Prapatti or Sharanagati, History of Religion, Volume 5,
Issue 2, pages 266-282
* ^ A B C D Anne Hunt Overzee (1992). The Body Divine: The Symbol
of the Body in the Works of Teilhard de Chardin and Ramanuja.
Cambridge University Press. pp. 30–31. ISBN 978-0-521-38516-9 .
* ^ R. Balasubramanian (2000). Advaita Vedānta. Munshiram
Manoharlal. p. 9. ISBN 978-81-87586-04-3 .
* ^ Jeaneane D. Fowler (2002). Perspectives of Reality: An
Introduction to the Philosophy of Hinduism. Sussex Academic Press. p.
49. ISBN 978-1-898723-94-3 .
* ^ Anne Hunt Overzee (1992). The Body Divine: The Symbol of the
Body in the Works of Teilhard de Chardin and Ramanuja. Cambridge
University Press. pp. 63–85. ISBN 978-0-521-38516-9 .
* ^ Julius Lipner (1986). The Face of Truth: A Study of Meaning and
Metaphysics in the Vedantic Theology of Ramanuja. State University of
New York Press. pp. 37–48. ISBN 978-0-88706-038-0 .
* ^ Jerry L. Walls (2010). The Oxford Handbook of Eschatology.
Oxford University Press. pp. 182–183. ISBN 978-0-19-974248-6 .
* ^ Brian A. Hatcher (2015).
Hinduism in the Modern World.
Routledge. p. 27. ISBN 978-1-135-04631-6 .
* ^ A B C D E F Dalal 2010 , p. 385.
* ^ Vasudeva Rao (2002). Living Traditions in Contemporary
Contexts: The Madhva
Matha of Udupi. Orient Blackswan. pp. 33–45.
ISBN 978-81-250-2297-8 .
* ^ Stefan Pertz (2013), The
Guru in Me - Critical Perspectives on
Management, GRIN Verlag, ISBN 978-3638749251 , pages 2-3
* ^ Joel Mlecko (1982), The
Guru in Hindu Tradition Numen, Volume
29, Fasc. 1, pages 33-61
* ^ A B Jeffery D. Long (2011). Historical Dictionary of Hinduism.
Scarecrow. p. 24. ISBN 978-0-8108-7960-7 .
* ^ Vasudha Narayanan (2009). Hinduism. The Rosen Publishing Group.
pp. 50–51. ISBN 978-1-4358-5620-2 .
* ^ Tamara I. Sears (2014). Worldly Gurus and Spiritual Kings:
Architecture and Asceticism in Medieval India. Yale University Press.
pp. 68–70, 121–122, 159–160. ISBN 978-0-300-19844-7 .
* ^ A B Steven Paul Hopkins (2002). Singing the Body of God. Oxford
University Press. pp. 71–74. ISBN 978-0-19-802930-4 .
* ^ A B K.V. Raman (2003).
Sri Varadarajaswami Temple, Kanchi: A
Study of Its History, Art and Architecture. Abhinav Publications. pp.
137–138. ISBN 978-81-7017-026-6 .
* ^ Gough 1965 , p. 25.
* ^ Geoffrey Oddie (2013). Hindu and Christian in South-East India.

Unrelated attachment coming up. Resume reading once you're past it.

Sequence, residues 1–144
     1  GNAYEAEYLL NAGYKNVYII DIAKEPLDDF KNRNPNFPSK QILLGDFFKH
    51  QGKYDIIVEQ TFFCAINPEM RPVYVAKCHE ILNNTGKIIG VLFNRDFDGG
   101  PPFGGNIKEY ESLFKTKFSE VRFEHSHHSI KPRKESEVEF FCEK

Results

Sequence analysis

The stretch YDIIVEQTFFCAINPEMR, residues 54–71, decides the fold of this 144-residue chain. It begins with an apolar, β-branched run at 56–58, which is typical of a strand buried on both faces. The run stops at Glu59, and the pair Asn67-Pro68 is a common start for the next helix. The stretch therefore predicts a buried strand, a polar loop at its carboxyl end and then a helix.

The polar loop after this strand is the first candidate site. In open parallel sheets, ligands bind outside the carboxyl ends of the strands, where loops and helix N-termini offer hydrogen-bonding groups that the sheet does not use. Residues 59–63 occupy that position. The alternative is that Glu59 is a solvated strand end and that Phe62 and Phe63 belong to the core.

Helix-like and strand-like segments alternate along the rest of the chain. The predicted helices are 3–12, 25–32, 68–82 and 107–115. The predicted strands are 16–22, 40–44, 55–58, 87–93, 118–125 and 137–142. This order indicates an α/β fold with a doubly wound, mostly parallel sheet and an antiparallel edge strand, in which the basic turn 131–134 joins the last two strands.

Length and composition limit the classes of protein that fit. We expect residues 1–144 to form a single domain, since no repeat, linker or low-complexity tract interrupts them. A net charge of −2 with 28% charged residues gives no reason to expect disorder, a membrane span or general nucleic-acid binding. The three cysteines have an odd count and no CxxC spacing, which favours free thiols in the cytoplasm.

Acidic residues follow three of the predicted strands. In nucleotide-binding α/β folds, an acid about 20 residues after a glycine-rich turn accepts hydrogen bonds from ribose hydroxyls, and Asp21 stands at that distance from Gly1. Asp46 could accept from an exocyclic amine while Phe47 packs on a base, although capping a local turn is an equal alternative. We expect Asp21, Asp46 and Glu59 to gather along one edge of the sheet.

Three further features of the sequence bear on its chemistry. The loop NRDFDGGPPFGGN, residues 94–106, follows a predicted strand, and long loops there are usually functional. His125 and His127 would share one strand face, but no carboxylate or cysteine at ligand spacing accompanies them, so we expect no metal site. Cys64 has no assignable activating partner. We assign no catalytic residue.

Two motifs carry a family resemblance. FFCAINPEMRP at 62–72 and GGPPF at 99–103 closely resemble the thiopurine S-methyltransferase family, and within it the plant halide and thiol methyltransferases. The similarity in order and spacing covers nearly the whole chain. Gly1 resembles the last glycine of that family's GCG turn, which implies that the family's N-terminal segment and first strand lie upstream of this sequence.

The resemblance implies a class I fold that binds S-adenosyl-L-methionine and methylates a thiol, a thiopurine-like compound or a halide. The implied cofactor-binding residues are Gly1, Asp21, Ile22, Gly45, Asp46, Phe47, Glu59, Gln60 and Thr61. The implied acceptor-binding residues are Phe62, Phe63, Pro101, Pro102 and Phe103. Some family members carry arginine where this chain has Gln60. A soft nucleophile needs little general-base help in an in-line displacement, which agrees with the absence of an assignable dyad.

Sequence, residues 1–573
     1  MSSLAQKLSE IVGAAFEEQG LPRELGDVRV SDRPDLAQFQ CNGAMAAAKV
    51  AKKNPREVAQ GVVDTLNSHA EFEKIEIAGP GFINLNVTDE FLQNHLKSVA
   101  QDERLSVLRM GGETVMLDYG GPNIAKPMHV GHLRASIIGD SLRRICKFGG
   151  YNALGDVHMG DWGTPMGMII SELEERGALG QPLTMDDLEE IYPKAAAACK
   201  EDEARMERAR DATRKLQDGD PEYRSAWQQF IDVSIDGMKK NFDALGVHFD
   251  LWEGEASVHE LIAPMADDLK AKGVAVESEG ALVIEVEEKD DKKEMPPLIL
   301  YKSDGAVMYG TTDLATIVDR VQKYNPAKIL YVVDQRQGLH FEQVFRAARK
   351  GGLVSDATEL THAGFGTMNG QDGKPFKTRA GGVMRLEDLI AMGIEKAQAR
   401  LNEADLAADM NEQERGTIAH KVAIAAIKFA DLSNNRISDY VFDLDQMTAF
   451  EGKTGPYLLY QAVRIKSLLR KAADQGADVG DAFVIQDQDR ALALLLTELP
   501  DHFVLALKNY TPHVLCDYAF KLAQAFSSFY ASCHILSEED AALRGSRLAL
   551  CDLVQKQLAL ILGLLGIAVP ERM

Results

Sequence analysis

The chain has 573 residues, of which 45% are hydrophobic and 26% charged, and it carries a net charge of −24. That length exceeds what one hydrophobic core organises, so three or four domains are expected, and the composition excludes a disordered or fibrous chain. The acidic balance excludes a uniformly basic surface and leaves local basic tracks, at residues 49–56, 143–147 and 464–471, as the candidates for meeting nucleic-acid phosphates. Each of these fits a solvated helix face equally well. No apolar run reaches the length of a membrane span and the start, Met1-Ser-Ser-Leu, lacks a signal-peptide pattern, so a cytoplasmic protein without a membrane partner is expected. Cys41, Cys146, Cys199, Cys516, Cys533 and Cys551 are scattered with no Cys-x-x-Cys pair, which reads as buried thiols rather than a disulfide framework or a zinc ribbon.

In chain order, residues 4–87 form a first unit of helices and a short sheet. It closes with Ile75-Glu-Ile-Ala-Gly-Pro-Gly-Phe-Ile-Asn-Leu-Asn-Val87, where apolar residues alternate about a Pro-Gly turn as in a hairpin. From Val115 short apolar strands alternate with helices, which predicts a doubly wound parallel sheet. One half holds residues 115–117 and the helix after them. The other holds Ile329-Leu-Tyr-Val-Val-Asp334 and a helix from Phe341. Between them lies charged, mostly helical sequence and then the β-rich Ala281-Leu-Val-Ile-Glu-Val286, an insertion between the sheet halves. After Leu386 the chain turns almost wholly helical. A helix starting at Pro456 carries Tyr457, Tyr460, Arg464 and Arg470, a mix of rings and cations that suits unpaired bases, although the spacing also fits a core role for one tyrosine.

Routledge. pp. 94 footnote 7. ISBN 978-1-136-77377-8 . QUOTE: In this
context, 'north' means the northern part of the Tamil country with its
Kanchipuram (the seat of
Sanskrit learning) and 'south'
meant the Kaveri delta with its capital at
Srirangam - one of the
centers of Tamil culture."
* ^ Mumme 1987 , pp. 257-265.
* ^ C. J. Bartley (2013). The Theology of Ramanuja: Realism and
Religion. Routledge. pp. 1–4. ISBN 978-1-136-85306-7 .
* ^ P. T. Narasimhachar (2001). The Hill Temple. Sahitya Akademi.
pp. xviii. ISBN 978-81-260-0814-8 .
* ^ Ramaswamy, Vijaya, Textiles and weavers in medieval South
India, Oxford University Press, p. 61, retrieved 17 April 2016
* ^ A B C D K.V., Raman (2003),
Sri Varadarajaswami Temple, Kanchi:
A Study of Its History, Art and Architecture, Abhinav Publications,
pp. 132–133, retrieved 16 April 2016
* ^ A B C Neeti M. Sadarangani (2004).
Bhakti Poetry in Medieval
India: Its Inception, Cultural Encounter and Impact. Sarup & Sons. pp.
19–20. ISBN 978-81-7625-436-6 .
* ^ Coward 2008 , p. 141.
* ^ A B Pg.35 Harmony of religions: Vedānta Siddhānta samarasam
of Tāyumānavar – By Thomas Manninezhath, ISBN 81-208-1001-5.
Google Books. Retrieved 4 January 2012.
* ^ A B "Tamil Nadu, Religious Condition under Vijaya Nagar
Empire". Tamilnadu.ind.in. Retrieved 4 January 2012.
* ^ Srinivasan Indian Council of Historical Research, Vikas Pub.
* ^ Pg.65 The Indian historical review, Volume 17; Indian Council
of Historical Research, Vikas Pub. House
* ^ "Swami Mudaliandan Thirumaligai". www.mudaliandan.com.
* ^ Pg.86 Encyclopaedia of Indian philosophy, Volume 1, by Vraj
Kumar Pandey, Anmol Publications. Google Books. Retrieved 4 January
* ^ Pg.108 Homage to a Historian:a festschrift – by N.
Subrahmanian, Tamilanpan, S.Jeyapragasam, Dr. N. Subrahmanian 60th
Birthday Celebration Committee, in association with Koodal Publishers.
Google Books. Retrieved 4 January 2012.
* ^ http://www.iisc.ernet.in/currsci/sep102000/665.pdf
* ^ Ram Godar (2013-12-27), Guruji B.K.S. Iyengar\'s 95th Birthday
Celebrations, retrieved 2016-04-09
* ^ Jr., Frank Parlato. "People that Swami Vivekanand- Frank
Parlato Jr.". www.vivekananda.net. Retrieved 2016-04-09.
* ^ "Memoirs of European travel I".